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Health Information The Connection Between
Heartburn and Cancer

Everyone suffers the occasional bout of heartburn —  especially if you've eaten a whole plate of cheese fries or just one more slice of pizza. But when you start popping antacids twice a week or more for at least two weeks, it's time to consider seeing your doctor.

Heartburn can be a symptom of gastroesophageal reflux disease (GERD), a condition where stomach acid repeatedly escapes up to the esophagus--the muscular tube that transports food and liquid to the stomach.

"The food goes down but it's not supposed to come back up," explains Sohrab Mobarhan, MD, clinical director of the Coleman Foundation Comprehensive Clinic for Gastrointestinal Cancers. "The esophagus is not equipped to protect itself against acid or any backed-up food."

Over time, this reflux of stomach acid can damage the lining of the esophagus, replacing the squamous cells typically found in the esophagus with abnormal glandular cells that may have the potential to develop cancer. The presence of these glandular cells in the esophagus is known as Barrett's esophagus. About 10 percent of people with symptoms of GERD, also known as acid reflux, have Barrett's esophagus.

People with Barrett's esophagus are anywhere from 30 to 125 times more likely to develop esophageal cancer, according to the American Cancer Society. "The longer a person has reflux, the higher the possibility that they'll develop Barrett's," says Mobarhan. "These changes in the esophagus are one step closer to getting esophageal cancer — one of the fastest growing cancers in the United States."

About 30 percent of esophageal cancers can be linked to GERD, according to the American Cancer Society. Because of increased fat consumption and obesity, the number of Americans with reflux is increasing, leading to a rise in esophageal cancer.

For 2009, the National Cancer Institute estimates 16,470 new cases of esophageal cancer and 14,530 deaths due to esophageal cancer in the United States. Esophageal cancer has such a high mortality because it is often diagnosed late. If caught early, however, the cancer can be treated and removed before it spreads. For this reason, people with a precancerous condition such as Barrett's esophagus require close medical follow-up.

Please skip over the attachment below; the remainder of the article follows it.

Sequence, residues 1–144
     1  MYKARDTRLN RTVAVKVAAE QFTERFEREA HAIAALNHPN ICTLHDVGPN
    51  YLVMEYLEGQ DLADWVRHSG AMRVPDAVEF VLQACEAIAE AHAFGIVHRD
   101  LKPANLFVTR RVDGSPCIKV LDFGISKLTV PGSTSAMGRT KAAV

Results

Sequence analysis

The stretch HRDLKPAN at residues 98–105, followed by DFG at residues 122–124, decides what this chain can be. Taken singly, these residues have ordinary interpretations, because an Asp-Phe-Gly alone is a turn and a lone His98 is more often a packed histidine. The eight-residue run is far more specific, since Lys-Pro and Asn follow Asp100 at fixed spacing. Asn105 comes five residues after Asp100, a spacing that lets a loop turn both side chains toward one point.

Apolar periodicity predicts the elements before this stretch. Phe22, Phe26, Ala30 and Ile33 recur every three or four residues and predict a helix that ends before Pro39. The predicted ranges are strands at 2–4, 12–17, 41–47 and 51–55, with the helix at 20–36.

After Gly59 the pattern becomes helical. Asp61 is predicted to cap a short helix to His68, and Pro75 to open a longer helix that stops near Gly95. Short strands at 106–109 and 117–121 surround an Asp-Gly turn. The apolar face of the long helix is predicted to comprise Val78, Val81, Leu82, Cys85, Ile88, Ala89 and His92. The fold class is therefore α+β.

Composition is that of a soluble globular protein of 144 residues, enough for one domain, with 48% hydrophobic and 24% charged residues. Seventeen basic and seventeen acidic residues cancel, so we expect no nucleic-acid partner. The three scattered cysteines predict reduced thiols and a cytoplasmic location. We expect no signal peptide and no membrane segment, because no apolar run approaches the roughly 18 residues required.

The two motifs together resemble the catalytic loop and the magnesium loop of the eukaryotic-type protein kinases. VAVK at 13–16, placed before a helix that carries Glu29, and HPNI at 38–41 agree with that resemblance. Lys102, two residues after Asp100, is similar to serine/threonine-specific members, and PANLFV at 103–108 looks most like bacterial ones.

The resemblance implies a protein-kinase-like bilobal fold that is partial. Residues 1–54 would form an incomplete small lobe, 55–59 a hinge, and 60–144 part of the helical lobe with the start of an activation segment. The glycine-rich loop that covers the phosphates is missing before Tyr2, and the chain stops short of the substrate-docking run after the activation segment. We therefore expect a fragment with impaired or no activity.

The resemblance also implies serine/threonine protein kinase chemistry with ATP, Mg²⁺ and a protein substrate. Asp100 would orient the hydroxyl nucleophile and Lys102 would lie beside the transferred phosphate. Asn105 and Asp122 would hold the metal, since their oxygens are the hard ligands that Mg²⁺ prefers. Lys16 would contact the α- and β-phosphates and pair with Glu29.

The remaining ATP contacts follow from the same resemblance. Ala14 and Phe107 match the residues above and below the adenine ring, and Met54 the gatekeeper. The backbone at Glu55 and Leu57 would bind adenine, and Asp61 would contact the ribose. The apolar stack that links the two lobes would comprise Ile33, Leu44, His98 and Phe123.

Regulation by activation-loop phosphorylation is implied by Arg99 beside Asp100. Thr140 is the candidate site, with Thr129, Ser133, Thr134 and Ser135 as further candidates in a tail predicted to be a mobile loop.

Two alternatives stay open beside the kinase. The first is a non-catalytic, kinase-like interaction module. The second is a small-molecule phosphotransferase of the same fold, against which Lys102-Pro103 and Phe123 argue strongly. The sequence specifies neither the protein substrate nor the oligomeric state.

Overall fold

For those who have GERD, the best way to prevent cancer is to see a doctor and get treated early on, before further damage to the esophagus develops. Treatment can include medication--many of which are available over the counter — and diet and lifestyle changes.

Whether you just have occasional heartburn or are already under a doctor's care, you can decrease your chance of developing esophageal cancer by doing the following:
 

  • Do not start using tobacco products. If you currently do, quit.
  • Do not drink large amounts of alcohol.
  • If you are overweight or obese, lose weight.
  • Eat a diet rich in fruits and vegetables, especially raw ones.
  • If you have acid reflux or GERD, see your doctor and get it properly treated.
  • If you have already been diagnosed with Barrett's esophagus, talk to your doctor about getting regular cancer screenings.

To learn more about this topic, come to this free wellness event brought to you by Rush:

From Heartburn to Esophageal Cancer: What You Need to Know
Wednesday, August 26, 2009 | 6 to 8 p.m.
Armour Academic Center, Room 994
600 S. Paulina St., Chicago

Topics and speakers include the following:
 

  • Managing Your GERD and Barrett's to Prevent Esophageal Cancer
    Michael D. Brown, MD, gastroenterologist
  • The Facts About Esophageal Cancer
    Gerry Bohac, MD, medical oncologist
  • Surgical Options for Treatment of Esophageal Cancer
    Michael Liptay, MD, thoracic surgeon

To register, call (888) 352-RUSH (7874) or visit www.rush.edu/events. Free parking in the Rush garage and refreshments are available for registered attendees.


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Please note: All physicians featured in Discover Rush Online are on the medical faculty of Rush University Medical Center. Some of the physicians featured are in private practice and, as independent practitioners, are not agents or employees of Rush University Medical Center.

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